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Can you recover data after an unwanted Hyper-V Checkpoint restoration?

If you mistakenly restore a VM to a previous state, have you forever lost changes that were made after the Checkpoint was created?

Dear SearchServerVirtualization,

Our server, which is running Windows Server 2008 R2, restored an old Hyper-V snapshot by error, which erased all our recent databases. Is there any solution for that situation? We really appreciate your help.

Dear BitsBeGone,

Sorry for your loss -- of data. It’s always a bad day when, as an admin, you immediately know you did something wrong and you are powerless to stop what you just set in motion. In my office we have a rubber chicken award we pass around for such an occasion. However, all may not be lost. Hyper-V is just a combination of other Microsoft technologies that are placed on top of a bare metal hypervisor. In your case this is just a file services issue. And like any file delete, the key to getting your data back is getting a particular file or files back from before the incident.

Let me explain. When you create a Hyper-V Checkpoint (snapshot was the name for the feature in the 2008 R2 generation), what you do is freeze the existing virtual hard disk file, a VHD or VHDX file, and Hyper-V creates an AVHD or AVHDX file. This file is where all the new writes and changes happen. If you take another Checkpoint, then another AVHD(X) file is created, which piggybacks on the previous AVHD(X) file that is now frozen from all new writes (and so on as you create more Checkpoints). From what you said, it sounds like you took a Checkpoint and instead of removing the previous state of the VM, you restored the previous state by deleting the Checkpoint. This is, in essence, a rollback of the VM to the original state before the Hyper-V Checkpoint, which immediately brought about your sinking feeling since the AVHD(X) file was deleted from the volume.

So how do you bring it back? Well, as I mentioned above, this is a file services problem, and we need to find a way to bring the AVHD(X) back. If you can bring back the VHD(X) file from that time period, all the better. If you have backups, that's great, it's the best method. Any modern backup application can restore a VM to the original location or can put it to a new location. But if you had those, then you probably wouldn’t be asking the question.

So, let’s look at other options. Since what really happened was that the AVHD(X) file was deleted from disk, you need to find a way to undelete it. Just as if Mom was asking you to help get all her pictures back after she mistakenly deleted them on her laptop, you need a utility that can restore these files off of the volume that hopefully has not been overwritten. A product like EaseUS Data Recovery Wizard is an example of such a product, but there are others out there, and some that are free. If you can get at least the AVHD(X) file back, you have a chance here. As a side note, if this VM was in a cluster and sat on a Clustered Shared Volume (CSV), then you will most likely have to remove the volume from being a CSV, which will make it a normal cluster disk volume and run whatever utility you choose from the owning node of that volume.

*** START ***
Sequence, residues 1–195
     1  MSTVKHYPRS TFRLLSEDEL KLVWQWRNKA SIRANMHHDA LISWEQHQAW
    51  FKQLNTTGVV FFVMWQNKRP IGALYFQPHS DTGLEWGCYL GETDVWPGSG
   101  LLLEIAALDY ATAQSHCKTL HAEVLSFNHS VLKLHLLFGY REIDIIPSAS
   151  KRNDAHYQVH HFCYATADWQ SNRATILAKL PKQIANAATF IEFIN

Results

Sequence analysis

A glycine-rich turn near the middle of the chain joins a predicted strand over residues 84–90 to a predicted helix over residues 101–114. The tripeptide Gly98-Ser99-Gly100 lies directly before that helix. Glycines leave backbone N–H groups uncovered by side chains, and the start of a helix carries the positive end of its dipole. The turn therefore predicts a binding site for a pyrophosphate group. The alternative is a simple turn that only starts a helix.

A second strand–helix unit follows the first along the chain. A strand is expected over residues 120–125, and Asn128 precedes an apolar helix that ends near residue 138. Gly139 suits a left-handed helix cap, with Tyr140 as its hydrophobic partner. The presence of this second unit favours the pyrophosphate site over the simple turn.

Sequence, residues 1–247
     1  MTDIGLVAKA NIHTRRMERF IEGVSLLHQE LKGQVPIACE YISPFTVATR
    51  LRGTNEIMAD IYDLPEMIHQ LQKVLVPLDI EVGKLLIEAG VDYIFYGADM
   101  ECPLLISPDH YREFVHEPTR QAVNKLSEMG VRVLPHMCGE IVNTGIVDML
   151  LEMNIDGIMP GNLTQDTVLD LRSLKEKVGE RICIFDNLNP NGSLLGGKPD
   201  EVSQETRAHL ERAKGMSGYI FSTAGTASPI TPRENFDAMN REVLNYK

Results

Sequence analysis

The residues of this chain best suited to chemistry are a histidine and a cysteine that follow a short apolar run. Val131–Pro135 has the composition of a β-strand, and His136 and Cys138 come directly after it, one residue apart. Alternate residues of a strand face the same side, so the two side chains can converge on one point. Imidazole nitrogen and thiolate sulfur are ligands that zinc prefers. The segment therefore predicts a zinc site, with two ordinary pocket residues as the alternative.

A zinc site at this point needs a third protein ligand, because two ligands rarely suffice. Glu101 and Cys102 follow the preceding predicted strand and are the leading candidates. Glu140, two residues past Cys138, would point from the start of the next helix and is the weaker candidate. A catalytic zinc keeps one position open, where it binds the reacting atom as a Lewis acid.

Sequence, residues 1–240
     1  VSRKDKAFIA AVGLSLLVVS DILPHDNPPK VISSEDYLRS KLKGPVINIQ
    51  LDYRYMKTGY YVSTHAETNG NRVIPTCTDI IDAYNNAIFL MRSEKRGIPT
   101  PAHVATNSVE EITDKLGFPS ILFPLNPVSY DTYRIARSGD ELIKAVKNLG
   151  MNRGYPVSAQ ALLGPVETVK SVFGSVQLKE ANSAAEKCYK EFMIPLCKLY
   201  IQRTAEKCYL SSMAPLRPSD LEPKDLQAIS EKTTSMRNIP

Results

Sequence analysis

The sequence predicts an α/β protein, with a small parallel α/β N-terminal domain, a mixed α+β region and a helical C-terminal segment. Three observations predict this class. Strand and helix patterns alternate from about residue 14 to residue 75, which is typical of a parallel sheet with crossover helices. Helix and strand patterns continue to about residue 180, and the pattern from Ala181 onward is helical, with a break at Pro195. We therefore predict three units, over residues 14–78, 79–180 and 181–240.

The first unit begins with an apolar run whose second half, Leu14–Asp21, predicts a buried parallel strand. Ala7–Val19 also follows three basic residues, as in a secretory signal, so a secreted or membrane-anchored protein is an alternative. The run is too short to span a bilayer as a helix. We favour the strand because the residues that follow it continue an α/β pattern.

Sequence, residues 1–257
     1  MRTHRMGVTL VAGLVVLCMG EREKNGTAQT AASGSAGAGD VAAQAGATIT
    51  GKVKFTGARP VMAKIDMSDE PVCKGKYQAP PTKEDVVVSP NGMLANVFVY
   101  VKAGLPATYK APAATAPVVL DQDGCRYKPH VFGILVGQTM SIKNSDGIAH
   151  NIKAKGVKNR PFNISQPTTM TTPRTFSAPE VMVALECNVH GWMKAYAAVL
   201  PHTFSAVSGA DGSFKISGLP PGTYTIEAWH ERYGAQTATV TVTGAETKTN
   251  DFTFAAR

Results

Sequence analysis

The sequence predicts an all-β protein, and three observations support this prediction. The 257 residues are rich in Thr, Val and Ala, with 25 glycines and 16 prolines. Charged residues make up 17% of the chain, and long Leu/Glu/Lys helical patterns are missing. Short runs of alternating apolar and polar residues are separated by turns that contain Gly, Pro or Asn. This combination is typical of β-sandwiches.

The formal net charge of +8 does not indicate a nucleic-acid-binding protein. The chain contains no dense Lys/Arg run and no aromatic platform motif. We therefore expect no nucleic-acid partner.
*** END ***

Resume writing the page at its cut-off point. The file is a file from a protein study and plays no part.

Say you do get the AVHD or AVHD(X) file back, then what? Then it’s all just a technical game. If you have both the VHD(X) and the AVHD(X) files, but nothing else, you can do a manual merge of the AVHD(X) file into the VHD(X) file and you will have a whole copy of the operating system, application and data that you could reattach to the VM and boot the system. The best resource to explain how to do this is can be found on TechNet. Basically, change the file name on the AVHD(X) file to a VHD(X) file and go through the wizard to manually merge it into the original VHD(X) file. If you had multiple Checkpoints, this would mean multiple files. Hopefully it is just one in your case, as the odds of recovering all the AVHD(X) files would be slim without a true backup of the VM. Even if you do not get the original VHD(X) file back and only get the AVHD(X) file from before the incident, then you still have an outside chance. You can attempt to rename the AVHD(X) file to a VHD(X) file and try to merge it into the current VM's VHD(X) file. I shouldn't need to reiterate at this stage that you should make copies of what’s left of the current VM before doing any of this so that you have a fallback plan, or at least a way to retry the merge process again if it goes wrong for some reason.

That’s about all that can be done. Without the files in some form it is impossible, but this isn't much different from trying to get vacation photos back after you mistakenly delete them. One of the beauties of Hyper-V is that it's built off many of the technologies you already know.

Others with troubles? You can always submit your questions to our SearchServerVirtualization experts by emailing [email protected].

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